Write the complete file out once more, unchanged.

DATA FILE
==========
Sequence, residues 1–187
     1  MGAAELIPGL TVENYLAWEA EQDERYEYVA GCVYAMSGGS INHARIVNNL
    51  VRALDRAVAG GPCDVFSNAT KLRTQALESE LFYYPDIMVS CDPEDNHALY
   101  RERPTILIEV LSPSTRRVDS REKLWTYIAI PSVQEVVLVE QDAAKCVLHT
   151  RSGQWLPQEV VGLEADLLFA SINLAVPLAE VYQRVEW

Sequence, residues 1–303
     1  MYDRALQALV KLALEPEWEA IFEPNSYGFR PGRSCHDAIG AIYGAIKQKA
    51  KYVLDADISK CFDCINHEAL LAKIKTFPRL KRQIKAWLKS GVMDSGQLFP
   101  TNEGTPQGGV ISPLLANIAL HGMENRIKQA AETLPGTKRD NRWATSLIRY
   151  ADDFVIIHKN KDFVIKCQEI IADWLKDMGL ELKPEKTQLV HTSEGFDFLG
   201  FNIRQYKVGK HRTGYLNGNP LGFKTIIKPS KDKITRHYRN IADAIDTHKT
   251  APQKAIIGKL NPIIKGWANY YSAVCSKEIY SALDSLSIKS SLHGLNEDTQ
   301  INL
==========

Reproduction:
Sequence, residues 1–187
     1  MGAAELIPGL TVENYLAWEA EQDERYEYVA GCVYAMSGGS INHARIVNNL
    51  VRALDRAVAG GPCDVFSNAT KLRTQALESE LFYYPDIMVS CDPEDNHALY
   101  RERPTILIEV LSPSTRRVDS REKLWTYIAI PSVQEVVLVE QDAAKCVLHT
   151  RSGQWLPQEV VGLEADLLFA SINLAVPLAE VYQRVEW

Sequence, residues 1–303
     1  MYDRALQALV KLALEPEWEA IFEPNSYGFR PGRSCHDAIG AIYGAIKQKA
    51  KYVLDADISK CFDCINHEAL LAKIKTFPRL KRQIKAWLKS GVMDSGQLFP
   101  TNEGTPQGGV ISPLLANIAL HGMENRIKQA AETLPGTKRD NRWATSLIRY
   151  ADDFVIIHKN KDFVIKCQEI IADWLKDMGL ELKPEKTQLV HTSEGFDFLG
   201  FNIRQYKVGK HRTGYLNGNP LGFKTIIKPS KDKITRHYRN IADAIDTHKT
   251  APQKAIIGKL NPIIKGWANY YSAVCSKEIY SALDSLSIKS SLHGLNEDTQ
   301  INL